Throughout the ongoing debate about exactly how, to what extent, and the ethical implications, the indisputable fact remains that humankind has altered the planet. Back when the human population was only a few thousand strong and agriculture and cooked food were the latest inventions, it was easy for the Joneses to pick up and move camp when the water ran dry, the soil stopped producing tasty wheat, or the garbage piled too high in the backyard. The same can’t be said for the populations of world cities today.
Advances in public health, industry, and agriculture have blown the human population out of the brush. There will soon be 9 billion people on the face of planet Earth! Coupled with rising affluence, our ballooning population’s resource consumption and waste outputs are wrecking havoc on natural systems. New research (see several links below for more info) suggests that within a fixed amount of space, humankind is in danger of causing our own extinction and the only way out is to discard traditional ideas of industrialization and embrace sustainability.
Courtesy Go Gratitude
The first step to bailing out humankind is to investigate how close to failure the world actually is. This was the point of a recent international collaboration: to calculate safe limits for pivotal environmental processes. The key idea here is that of “tipping points,” which can be thought of as thresholds or breaking points. Think about being pestered by your brother or sister: aren’t you able to put up with the annoyance for even a little while before you get so upset you retaliate? That’s your tipping point – the last straw that put you over the edge.
Led by Stockholm Resilience Center’s Johan Rockstrom, a group of European, Australian, and American scientists – including the University of Minnesota’s Institute on the Environment’s director, Jonathan Foley – identified nine processes reaching their tipping points. Three (climate change, nutrient cycles, and biodiversity loss) have already been pushed past their tipping points, four (ocean acidification, ozone depletion, freshwater use, and land use) are approaching their tipping points, and two (aerosol loading and chemical pollution) do not yet have identified tipping points because they require more research. The Institute on the Environment recently released a YouTube video addressing the conclusion of this new research:
Blissfully, there are things we can do to stop hurting the planet and begin patching its wounds. According to Foley’s article, we can’t let ourselves get any closer to the tipping points and piecemeal solutions won’t cut it because of the interconnectedness of the issues. Instead, we should focus on switching to low- or no-carbon fuel sources, stopping deforestation, and rethinking our approaches to agriculture.
The conclusions of this research have been well-accepted, but there has been some criticisms for 1) attempting to establish tipping points at all, and 2) for the appropriateness of the establish tipping points. If you would like more information, including commentaries, please check out the following sources:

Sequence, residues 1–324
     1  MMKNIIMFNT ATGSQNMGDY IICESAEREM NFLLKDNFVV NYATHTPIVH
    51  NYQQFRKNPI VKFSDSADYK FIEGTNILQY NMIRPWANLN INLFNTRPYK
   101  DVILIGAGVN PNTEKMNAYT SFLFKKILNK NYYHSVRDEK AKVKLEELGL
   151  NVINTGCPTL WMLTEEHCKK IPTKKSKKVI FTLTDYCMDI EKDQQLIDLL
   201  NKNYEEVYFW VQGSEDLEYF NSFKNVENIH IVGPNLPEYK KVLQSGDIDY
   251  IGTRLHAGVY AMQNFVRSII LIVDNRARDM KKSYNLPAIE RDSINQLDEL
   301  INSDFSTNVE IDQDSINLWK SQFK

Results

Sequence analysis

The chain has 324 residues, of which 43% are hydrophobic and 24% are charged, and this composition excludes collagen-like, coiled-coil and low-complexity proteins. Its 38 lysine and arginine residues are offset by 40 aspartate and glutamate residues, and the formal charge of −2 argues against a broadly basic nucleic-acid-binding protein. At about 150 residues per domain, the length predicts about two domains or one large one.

Article in Nature: A safe operating space for humanity
Article in Scientific American: Boundaries for a Health Planet
Article in Ecology and Society: Planetary Boundaries: Exploring the Safe Operating Space for Humanity
Two questions to consider as you watch the YouTube video and take a look through the links and articles referenced above are:
1) What are the consequences of being past our tipping points?
2) How do the solutions discussed prevent us from reaching tipping points?
You are encouraged to post your thoughtful answers below!
Courtesy JGordonCheck this story out, Buzz-gumshoes: An Australian man has been sent to the hospital after a vicious wombat attack.
Interesting. Very interesting, eh, Buzzketeers? It sounds like our kind of story.
Here are the facts… as they have been reported so far:
-Bruce Kringle, 60, of Flowerdale, Australia, was stepping out of his home when he “felt something attack his leg.”
-The attacking party was a wombat, a badger-like marsupial.
-The wombat managed to knock Mr. Kringle off of his feet, and then climbed onto his chest and proceeded to savage the man for 20 or so minutes.
-An axe was within arm’s reach, and Mr. Kringle used it to kill the wombat.
-Mr. Kringle was then admitted to hospital with puncture wounds in his arms and legs.
-Wombats are generally docile creatures. This individual’s aggression might be explained by a irritating case of the mange.
I don’t know about y’all, but when I add all that up, I only produce one answer: WTF! (That stands for “Wombat Tale: False!”)
Here are some additional questions and considerations we must account for, before this case can be closed:
-Who is “Bruce Kringle”? Could he be the same person as Branson Kringle, the Special Forces soldier who came out of retirement to rescue a group of kidnapped missionaries in Myanmar, only to disappear once again when the mission was complete?